Writer’s Blocks and Remedies: Part II

by Fin Wheeler

From time to time every writer is paralyzed by an inability to put pen to paper.

Identify what sort of blockage you have and why you have it, and you’re more than halfway to remedying the situation.


Act One is A Mess

You finished your first draft, put it aside for a week or two, but now the first act just isn’t working.

If you read a lot of produced screenplays, you’ll know that even seasoned screenwriters nervously throw everything but the kitchen sink into their Act One.

Take a look at your prep documents. What’s the theme? Who is the protagonist? Why did you decide they were the best conduit for this story?

Have confidence in your protagonist and their story. Weed out everything that doesn’t establish the protagonist and their journey.

(Plot A is generally the physical journey, Plot B is the emotional journey. Any other subplots for secondary characters in the first act waste valuable screen time and suggest to the reader that you don’t have the confidence to write long-form.)


The Ending Ain’t Great

You know there’s something not-so-fabulous about your ending. You hope that if you put the script down it will be fine the next time you read it.

If you feel like the Act Three resolution is a yawn, do something about it. Yes, the audience of any given genre expects the standard outcome, but they also want to be surprised by the unexpected and the original way in which those final obstacles are overcome.

Every industry professional will tell you that all Act Three problems are really Act One problems. Have you properly seeded the ending in Act One?


Act Two Needs To Be More Interesting

You’ve got a beginning, middle, and end, but it still doesn’t feel like a feature.

The most common mistake early-career screenwriters make in feature-length screenplays is to not really have an Act Two. It’s not enough to establish your world (A1), have something happen to forever change that world (end of A1), then have the protagonist drift a bit (A2) before conquering all (A3).

Think about the worst things that ever happened to you. How did they change you? How long were you in denial before you finally accepted that you would have to change one of your fundamental beliefs in order to move forward? Did you take one step forward, then revert back to your comfortable delusion when you realized that being a mature grownup in the real world is too hard?

People who go to the cinema want to see your pain, sweat, and tears. They want to see what mistakes you made, how humiliated you were and embarrassed you felt. Those moments are what make them bond with your protagonist and root for a happy resolution, so write from your experience and your heart.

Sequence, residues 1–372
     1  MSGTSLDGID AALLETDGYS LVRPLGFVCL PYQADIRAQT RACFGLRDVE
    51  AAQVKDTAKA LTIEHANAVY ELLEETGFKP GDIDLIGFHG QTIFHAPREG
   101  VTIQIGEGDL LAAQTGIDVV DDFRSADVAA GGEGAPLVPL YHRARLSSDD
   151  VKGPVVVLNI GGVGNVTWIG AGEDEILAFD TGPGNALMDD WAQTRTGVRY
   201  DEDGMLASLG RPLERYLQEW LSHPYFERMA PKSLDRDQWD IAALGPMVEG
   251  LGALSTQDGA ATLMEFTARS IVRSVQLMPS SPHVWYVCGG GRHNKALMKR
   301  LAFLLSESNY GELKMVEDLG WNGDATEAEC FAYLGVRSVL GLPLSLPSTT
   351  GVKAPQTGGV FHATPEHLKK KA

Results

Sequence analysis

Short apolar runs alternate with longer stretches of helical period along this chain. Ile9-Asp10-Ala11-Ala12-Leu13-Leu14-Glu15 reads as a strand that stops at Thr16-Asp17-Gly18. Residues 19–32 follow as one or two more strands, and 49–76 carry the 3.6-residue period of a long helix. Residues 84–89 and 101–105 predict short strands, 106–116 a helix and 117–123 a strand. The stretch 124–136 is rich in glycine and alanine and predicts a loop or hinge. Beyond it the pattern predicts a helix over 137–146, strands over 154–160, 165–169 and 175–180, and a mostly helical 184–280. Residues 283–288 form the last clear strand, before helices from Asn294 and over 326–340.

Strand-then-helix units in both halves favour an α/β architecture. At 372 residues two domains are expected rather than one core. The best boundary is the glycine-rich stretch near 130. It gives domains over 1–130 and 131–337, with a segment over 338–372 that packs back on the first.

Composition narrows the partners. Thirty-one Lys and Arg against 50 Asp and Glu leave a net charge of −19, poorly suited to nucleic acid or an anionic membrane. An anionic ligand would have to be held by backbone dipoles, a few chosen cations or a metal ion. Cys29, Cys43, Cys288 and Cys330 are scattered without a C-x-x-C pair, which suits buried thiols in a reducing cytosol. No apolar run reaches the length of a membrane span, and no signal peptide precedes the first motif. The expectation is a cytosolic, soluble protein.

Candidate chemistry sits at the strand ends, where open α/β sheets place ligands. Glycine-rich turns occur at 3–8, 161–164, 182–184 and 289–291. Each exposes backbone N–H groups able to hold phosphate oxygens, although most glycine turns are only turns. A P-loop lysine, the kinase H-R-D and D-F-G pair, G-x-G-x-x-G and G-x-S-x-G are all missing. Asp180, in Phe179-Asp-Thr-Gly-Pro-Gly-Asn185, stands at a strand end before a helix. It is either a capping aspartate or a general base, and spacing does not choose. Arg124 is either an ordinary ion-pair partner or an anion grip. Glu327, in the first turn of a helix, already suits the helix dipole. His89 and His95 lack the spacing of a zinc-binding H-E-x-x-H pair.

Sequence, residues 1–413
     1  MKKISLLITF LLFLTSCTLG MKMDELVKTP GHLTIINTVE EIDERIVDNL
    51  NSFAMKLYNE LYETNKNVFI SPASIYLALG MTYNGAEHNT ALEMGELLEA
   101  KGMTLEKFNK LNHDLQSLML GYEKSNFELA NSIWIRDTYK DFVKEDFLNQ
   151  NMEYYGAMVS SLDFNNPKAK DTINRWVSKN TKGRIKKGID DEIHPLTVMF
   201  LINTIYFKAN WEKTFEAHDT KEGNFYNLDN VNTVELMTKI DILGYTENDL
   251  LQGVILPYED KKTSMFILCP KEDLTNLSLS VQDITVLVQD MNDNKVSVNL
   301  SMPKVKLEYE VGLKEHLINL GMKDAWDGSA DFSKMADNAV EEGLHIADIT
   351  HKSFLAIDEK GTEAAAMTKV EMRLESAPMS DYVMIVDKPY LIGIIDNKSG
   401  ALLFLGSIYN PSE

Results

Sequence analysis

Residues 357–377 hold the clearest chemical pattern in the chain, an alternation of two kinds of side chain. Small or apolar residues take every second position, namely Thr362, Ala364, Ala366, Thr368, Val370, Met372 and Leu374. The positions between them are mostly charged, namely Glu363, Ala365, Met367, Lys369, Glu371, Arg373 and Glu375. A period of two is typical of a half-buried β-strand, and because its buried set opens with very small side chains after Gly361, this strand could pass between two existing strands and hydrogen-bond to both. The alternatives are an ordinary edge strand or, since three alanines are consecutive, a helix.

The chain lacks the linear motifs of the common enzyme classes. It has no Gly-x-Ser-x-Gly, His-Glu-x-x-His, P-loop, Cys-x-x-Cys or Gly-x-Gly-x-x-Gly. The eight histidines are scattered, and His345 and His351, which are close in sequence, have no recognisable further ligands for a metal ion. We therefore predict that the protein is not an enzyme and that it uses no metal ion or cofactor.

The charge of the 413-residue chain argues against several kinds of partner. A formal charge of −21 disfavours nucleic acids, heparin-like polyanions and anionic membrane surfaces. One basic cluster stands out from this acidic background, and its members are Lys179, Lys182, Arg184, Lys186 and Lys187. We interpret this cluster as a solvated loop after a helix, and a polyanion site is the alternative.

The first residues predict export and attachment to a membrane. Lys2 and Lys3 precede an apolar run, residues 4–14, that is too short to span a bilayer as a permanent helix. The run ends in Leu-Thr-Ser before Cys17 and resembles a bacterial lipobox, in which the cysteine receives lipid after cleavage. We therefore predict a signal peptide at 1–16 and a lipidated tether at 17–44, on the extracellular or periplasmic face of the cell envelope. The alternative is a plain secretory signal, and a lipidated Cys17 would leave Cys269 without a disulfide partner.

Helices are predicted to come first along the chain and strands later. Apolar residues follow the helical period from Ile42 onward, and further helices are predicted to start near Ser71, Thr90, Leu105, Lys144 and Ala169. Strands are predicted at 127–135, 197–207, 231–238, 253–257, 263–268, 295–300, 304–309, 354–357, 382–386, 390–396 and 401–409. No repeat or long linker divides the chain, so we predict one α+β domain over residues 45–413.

A development exec can always make a script more generic if necessary, but no one can make a generic script genuine (and worth purchasing).


Yet Another Rewrite, or Query?

You know you should really do another rewrite, but  you just want to start sending out query letters.

You only get one chance to make a first impression. A mediocre script won’t get you any good attention. If anyone does read it, they could form a negative opinion about your screenwriting abilities.

If you just can’t face the script at the moment, then put it away while you work on the outline for another project or read a few produced screenplays. You can also submit it for script coverage. You don’t have to take the advice/feedback they give you, but you do have to accept that those are the weaknesses a producer will immediately spot if you choose to submit the script as is.


All Talk, No Write

If you constantly criticize filmmakers and the work of other screenwriters, you create unrealistic expectations for yourself.

Go a month or two without describing yourself as a writer. Only comment on what you felt was effective in the films and screenplays of others. Don’t talk about a project before you’ve written it.

Creating a feature-length screenplay is an awesome undertaking. It’s only natural to feel daunted every now and again. By understanding the cause of your trepidation, you’ll be able to acknowledge your fear, find the appropriate remedy, and move on.

And remember that sometimes ‘not writing’ doesn’t mean you’re blocked. Maybe you’re just gathering more life experience so you’ll have something genuine and worthwhile to bring to your next project.


Fin Wheeler is a member of the Australian Writers’ Guild and has a feature in development.

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